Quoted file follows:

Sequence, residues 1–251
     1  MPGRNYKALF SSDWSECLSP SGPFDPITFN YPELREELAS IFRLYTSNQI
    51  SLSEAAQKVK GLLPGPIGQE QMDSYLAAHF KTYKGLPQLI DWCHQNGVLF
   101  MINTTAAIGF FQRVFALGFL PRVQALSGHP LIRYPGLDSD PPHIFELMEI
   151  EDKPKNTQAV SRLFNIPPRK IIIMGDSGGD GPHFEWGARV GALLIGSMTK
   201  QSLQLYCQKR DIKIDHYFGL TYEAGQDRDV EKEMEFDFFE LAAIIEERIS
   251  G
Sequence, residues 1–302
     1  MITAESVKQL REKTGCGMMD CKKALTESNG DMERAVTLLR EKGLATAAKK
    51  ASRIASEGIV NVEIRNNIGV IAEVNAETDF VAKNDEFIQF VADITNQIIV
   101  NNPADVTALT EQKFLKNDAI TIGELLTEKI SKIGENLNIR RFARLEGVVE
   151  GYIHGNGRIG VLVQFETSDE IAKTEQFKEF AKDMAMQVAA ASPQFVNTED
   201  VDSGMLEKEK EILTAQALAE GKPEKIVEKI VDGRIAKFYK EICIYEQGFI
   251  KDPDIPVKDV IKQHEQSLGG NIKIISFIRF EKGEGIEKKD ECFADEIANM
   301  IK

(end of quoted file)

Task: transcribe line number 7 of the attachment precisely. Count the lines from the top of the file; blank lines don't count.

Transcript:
   251  G